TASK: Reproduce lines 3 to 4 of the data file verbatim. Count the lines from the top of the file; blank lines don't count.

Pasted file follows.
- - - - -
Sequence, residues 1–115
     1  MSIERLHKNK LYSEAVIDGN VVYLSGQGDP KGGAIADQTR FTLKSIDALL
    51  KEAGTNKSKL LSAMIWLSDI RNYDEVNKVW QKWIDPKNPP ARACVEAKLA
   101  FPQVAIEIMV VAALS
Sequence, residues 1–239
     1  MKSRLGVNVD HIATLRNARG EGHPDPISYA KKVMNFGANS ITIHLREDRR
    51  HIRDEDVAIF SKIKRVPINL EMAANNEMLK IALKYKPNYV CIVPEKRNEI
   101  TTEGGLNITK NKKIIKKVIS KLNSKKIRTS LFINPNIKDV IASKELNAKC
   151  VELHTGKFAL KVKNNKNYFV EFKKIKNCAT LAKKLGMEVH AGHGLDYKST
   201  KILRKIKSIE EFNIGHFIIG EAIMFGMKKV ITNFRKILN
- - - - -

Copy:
    51  KEAGTNKSKL LSAMIWLSDI RNYDEVNKVW QKWIDPKNPP ARACVEAKLA
   101  FPQVAIEIMV VAALS